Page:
[MOL] Genes linked to increased risk of stomach cancer.... [02410] Medicine On Line


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[MOL] Genes linked to increased risk of stomach cancer....



Genes linked to increased risk of stomach cancer

NEW YORK, Mar 22 (Reuters Health) -- Although people infected with Helicobacter pylori bacteria are at increased risk of ulcers and stomach cancer, it is not clear why only some of them go on to develop cancer. Now, an international team of researchers reports one possible reason. They found that infected individuals who also have particular forms, or alleles, of a gene called interleukin-1 (IL-1) are at increased risk of gastric cancer.

H. pylori, found in the stomachs of about half the world's population, causes inflammation of the stomach lining. This can either lead to ulcers or decreased production of stomach acid and stomach cancer -- the second most common cancer. IL-1 also causes inflammation, and researchers suspect it also reduces stomach acid production.

Dr. Emad M. El-Omar from the National Cancer Institute in Bethesda, Maryland, and colleagues studied two populations to see if particular IL-1 alleles influenced the risk of developing stomach cancer. They studied 149 first-degree relatives of stomach cancer patients and, for comparison purposes, 100 newborns from Scotland. The team also studied 393 Polish people with stomach cancer and 430 people without the cancer.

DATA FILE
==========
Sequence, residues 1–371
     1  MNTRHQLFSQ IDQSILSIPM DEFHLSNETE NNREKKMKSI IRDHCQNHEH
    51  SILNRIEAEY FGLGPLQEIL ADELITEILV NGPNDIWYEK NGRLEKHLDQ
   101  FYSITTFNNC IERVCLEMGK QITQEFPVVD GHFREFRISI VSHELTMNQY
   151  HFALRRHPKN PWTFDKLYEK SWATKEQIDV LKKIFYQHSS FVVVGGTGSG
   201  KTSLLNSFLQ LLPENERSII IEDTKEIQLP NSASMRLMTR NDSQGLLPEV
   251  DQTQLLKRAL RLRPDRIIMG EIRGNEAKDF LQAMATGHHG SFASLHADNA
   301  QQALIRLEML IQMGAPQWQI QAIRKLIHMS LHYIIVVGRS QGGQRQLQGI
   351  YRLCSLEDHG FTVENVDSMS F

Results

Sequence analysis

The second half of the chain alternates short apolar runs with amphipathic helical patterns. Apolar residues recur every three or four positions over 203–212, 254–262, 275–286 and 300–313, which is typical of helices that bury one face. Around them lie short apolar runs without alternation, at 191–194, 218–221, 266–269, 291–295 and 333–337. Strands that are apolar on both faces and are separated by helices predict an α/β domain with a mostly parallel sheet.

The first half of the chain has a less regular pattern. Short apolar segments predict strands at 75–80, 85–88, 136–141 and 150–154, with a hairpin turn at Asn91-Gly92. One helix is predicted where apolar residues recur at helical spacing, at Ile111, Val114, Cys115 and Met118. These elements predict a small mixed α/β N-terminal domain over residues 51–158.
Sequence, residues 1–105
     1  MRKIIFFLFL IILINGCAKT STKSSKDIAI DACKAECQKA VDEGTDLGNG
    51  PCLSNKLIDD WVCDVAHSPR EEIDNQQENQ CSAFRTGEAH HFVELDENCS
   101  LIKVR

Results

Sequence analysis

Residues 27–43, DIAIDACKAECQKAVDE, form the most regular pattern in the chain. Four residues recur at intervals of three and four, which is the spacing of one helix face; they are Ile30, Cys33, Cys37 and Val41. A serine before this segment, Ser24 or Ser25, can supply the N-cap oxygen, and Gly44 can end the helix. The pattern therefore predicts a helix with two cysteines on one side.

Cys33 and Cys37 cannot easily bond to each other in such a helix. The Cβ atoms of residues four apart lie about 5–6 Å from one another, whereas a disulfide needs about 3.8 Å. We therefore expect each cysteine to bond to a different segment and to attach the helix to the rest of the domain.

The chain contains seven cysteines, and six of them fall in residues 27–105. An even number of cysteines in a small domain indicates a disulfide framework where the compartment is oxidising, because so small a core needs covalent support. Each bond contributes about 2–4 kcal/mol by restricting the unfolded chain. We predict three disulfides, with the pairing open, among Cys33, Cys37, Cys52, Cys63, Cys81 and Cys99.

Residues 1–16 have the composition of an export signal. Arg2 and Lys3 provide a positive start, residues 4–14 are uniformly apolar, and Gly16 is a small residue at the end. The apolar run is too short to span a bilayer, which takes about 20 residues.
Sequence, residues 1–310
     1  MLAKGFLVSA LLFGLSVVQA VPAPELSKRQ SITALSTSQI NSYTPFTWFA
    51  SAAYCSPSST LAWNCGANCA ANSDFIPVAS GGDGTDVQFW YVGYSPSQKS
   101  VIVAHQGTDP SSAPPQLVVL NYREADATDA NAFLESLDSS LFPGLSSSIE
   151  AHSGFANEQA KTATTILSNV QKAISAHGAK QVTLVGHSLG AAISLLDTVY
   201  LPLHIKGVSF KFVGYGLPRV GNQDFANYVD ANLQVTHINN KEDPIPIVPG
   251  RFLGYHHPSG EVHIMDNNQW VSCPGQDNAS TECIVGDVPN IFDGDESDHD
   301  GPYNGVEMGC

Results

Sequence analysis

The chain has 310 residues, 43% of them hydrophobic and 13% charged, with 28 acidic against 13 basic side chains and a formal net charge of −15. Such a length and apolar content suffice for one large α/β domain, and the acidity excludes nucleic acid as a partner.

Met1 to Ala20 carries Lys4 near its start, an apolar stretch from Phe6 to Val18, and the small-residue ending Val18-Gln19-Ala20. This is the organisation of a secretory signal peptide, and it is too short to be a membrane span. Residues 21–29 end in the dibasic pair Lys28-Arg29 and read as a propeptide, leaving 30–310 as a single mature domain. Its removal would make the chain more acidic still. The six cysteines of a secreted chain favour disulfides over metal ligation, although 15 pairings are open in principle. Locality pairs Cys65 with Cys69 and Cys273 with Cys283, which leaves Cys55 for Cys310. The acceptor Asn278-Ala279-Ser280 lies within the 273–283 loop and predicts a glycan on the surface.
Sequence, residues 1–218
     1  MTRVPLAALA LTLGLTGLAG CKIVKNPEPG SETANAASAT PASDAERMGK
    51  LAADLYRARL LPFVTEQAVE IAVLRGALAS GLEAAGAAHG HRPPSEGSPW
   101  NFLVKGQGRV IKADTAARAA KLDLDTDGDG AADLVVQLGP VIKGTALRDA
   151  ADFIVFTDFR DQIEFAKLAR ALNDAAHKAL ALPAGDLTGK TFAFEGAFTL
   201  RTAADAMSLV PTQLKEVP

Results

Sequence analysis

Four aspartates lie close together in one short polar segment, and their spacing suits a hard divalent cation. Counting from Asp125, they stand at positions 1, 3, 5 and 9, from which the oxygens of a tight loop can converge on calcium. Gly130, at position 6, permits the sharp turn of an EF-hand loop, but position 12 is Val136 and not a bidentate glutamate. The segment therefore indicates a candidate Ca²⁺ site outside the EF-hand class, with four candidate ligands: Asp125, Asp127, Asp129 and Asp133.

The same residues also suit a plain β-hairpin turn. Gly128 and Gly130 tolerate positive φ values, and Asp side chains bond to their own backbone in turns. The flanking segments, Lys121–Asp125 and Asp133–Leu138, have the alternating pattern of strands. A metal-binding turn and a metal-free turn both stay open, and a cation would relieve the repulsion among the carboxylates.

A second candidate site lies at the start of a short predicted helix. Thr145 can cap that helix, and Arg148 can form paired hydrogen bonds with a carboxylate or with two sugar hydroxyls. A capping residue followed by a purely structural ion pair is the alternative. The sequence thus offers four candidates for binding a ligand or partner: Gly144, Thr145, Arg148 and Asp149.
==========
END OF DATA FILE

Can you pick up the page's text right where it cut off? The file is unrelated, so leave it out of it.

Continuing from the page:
Among individuals infected with H. pylori, those with low levels of stomach acid were more likely to carry two particular alleles of the IL-1 gene, which were also associated with a higher risk of gastric cancer. The investigators estimated that 31% of gastric cancers were due to one allele, compared with 18% for the other allele, and together they accounted for 38% of stomach cancer cases.

El-Omar's group suggests in the March 23rd issue of the journal Nature that because IL-1 causes inflammation, this may initially wash H. pylori out of the stomach. But since it also decreases the secretion of stomach acid, this could worsen damage to the stomach lining by allowing the accumulation of bacterial toxins and by-products of inflammation. This can lead to DNA damage and stomach cancer, although other genetic and environmental factors also appear to influence cancer risk.


Warmly, lillian
 
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